Season’s Greetings and a Hopeful New Year for 2024
More than 35 years ago as a young college student studying to work in this field, I was filled with the hopes and dreams of making a difference in the lives of children and adults with intellectual disabilities and their families. However, I was soon confronted by striking contradictions. I knew children and adults with intellectual disabilities had the potential to live amazing inclusive lives, but I was becoming disillusioned as the opportunities where I could make a positive and impactful difference were few and far between. I literally saw and experienced children and adults with intellectual disabilities being supported and funded to live marginalized and isolated lives. There was funding and supports available, but rather than being invested in enabling people to live good, ordinary and inclusive lives, children and adults with intellectual disabilities were being denied opportunities for inclusion and its proven benefits by being segregated and congregated, with no expectations of a meaningful or promising future. I began to wonder if there was even a place for me where I could be a part of changing lives and communities; I began to doubt my career choice and my purpose.
However, someone saw in me possibilities and capabilities (some I’m not even sure I saw in myself) and invited me to be part of a team that would break new ground in demonstrating the possibilities of inclusion where it had never been imagined before. To offer individuals with intellectual disabilities, including those with very significant disabilities and others who had lived the majority of their lives confined to institutions, the opportunity to demonstrate their potential to be welcomed, learn, pursue a career, and be recognized for the contributions they could make to those of us without an intellectual disability. And that was how Inclusive Post-Secondary Education became a reality.
Since then, just as someone recognized my potential and offered me the possibility to become my best self (admittedly a work in progress), I’ve dedicated my life to ensuring the same is true for children and adults with intellectual disabilities. That they don’t go through life unrecognized for their talents and abilities, as if their hopes and dreams don’t count, as if they don’t count. This commitment, this call to act and change lives, courses through the lifeblood of Inclusion Alberta, through everyone who works here, every family linked to us and reliant upon us, and hopefully through you as well.
On a day-to-day basis, we at Inclusion Alberta continue to confront a startling contradiction just as I did decades ago as a student. On one hand we walk with families and enable their family member with intellectual disabilities to accomplish things never dreamed of and still viewed by many as impossible, not worth the effort, or unimaginable. We see children with intellectual disabilities going to school alongside their neighborhood friends, learning together in inclusive classrooms, playing community sports with those same friends. We see young adults with intellectual disabilities being fully included in university, enjoying careers, finding love, enjoying life and knowing they belong. But these simple yet vital things – these ordinary things most of us expect for ourselves and our loved ones – are not simple at all if you happen to have an intellectual disability. They are hard fought, hard kept, and available to far too few.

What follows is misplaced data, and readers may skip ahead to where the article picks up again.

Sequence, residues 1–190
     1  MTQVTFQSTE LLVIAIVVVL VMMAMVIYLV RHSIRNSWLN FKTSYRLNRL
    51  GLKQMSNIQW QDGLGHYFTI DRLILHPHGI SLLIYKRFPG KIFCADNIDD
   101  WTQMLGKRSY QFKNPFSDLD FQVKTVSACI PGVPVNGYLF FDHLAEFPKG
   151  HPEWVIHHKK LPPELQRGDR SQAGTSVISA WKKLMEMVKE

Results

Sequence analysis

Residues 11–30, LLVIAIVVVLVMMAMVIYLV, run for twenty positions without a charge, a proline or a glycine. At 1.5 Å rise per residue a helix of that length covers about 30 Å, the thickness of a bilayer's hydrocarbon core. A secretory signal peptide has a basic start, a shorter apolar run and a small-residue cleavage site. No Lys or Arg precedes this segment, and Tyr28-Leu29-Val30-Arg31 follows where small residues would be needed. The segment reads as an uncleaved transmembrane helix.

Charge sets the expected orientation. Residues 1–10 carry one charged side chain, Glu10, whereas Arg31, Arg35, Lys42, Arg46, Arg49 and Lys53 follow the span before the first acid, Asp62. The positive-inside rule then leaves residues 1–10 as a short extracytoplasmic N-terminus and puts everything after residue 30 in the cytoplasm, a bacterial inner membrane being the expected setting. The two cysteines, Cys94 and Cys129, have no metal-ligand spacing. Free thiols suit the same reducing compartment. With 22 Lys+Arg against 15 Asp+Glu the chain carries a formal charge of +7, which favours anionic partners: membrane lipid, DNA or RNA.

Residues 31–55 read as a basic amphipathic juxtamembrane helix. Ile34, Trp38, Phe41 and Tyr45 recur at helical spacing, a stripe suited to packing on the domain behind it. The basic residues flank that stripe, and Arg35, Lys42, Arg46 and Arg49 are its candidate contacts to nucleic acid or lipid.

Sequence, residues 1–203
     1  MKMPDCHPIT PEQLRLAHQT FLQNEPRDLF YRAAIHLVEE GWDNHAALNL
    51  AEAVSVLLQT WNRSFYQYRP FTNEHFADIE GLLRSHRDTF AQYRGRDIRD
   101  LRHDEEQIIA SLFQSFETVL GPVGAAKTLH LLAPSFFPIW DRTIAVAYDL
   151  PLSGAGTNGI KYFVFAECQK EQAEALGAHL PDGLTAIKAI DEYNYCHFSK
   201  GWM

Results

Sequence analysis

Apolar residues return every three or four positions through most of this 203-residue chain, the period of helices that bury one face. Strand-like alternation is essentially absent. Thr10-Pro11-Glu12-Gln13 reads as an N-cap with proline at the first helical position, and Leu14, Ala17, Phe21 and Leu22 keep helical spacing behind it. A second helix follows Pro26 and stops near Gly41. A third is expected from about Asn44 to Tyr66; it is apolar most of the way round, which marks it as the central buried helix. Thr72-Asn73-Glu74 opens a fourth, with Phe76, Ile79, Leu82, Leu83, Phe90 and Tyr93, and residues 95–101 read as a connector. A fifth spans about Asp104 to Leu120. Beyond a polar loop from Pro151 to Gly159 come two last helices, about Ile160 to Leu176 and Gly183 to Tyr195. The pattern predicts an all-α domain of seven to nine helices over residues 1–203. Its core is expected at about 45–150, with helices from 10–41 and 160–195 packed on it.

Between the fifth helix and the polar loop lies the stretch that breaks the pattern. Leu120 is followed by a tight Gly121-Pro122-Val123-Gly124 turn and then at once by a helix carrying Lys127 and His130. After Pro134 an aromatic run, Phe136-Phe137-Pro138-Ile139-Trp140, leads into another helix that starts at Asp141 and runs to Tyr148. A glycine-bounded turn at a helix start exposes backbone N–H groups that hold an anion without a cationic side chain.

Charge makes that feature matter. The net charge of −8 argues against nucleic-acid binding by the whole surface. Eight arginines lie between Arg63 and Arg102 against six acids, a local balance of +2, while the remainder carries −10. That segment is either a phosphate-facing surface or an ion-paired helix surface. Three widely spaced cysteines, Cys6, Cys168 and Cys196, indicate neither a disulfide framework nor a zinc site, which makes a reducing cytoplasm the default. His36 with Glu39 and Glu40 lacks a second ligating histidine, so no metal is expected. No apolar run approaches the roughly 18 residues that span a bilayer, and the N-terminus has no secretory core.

We know this because on a day-to-day basis, we also stand with individuals and families who are marginalized, denied, excluded, and diminished. Individuals and families who are made to feel as if they are the problem for wanting to be included, to have even the simplest of opportunities, to have a decent, good life.
Inclusion Alberta is working to change these realities. We have helped thousands of families hold on to hope and defy the life-limiting perceptions imposed upon their family members. Every year, our advocates and inclusive education consultants support children with intellectual disabilities to be fully included in school, learning alongside their peers, and developing rich friendships. In partnership with post-secondary institutions, students with intellectual disabilities are being fully included in faculties and programs of study experiencing amazing opportunities year after year, expanding their knowledge and going on to pursue careers. Our partnership with Rotary Clubs, Rotarians and the business community has created over 800 inclusive jobs for individuals with intellectual disabilities, contributing meaning and purpose to their lives. Our family resource centres assist families to develop life enhancing goals for their family member and to access the support they require to achieve them. And that’s only part of what we do. All of which demonstrates what is truly possible, what should be. And none of which is possible without the support of community.
Your support of the inclusion movement sustains our hope, nourishes families and their family members with intellectual disabilities, and reminds them they are not alone in their desire for acceptance and belonging. Community support is testimony to the fact they don’t stand alone, that they do count. Perhaps you, too, are struck by the contradictions. Why, when we know what is possible, are more people with intellectual disabilities not living a rich and meaningful life fully included in community? I am hopeful that together we can create more inclusive communities where everyone has the opportunity to live a fulfilling life of belonging and possibility.
From all of us at Inclusion Alberta, I wish you and your family a peaceful holiday season and all the very the best now and through the New Year.
-Trish Bowman, Inclusion Alberta CEO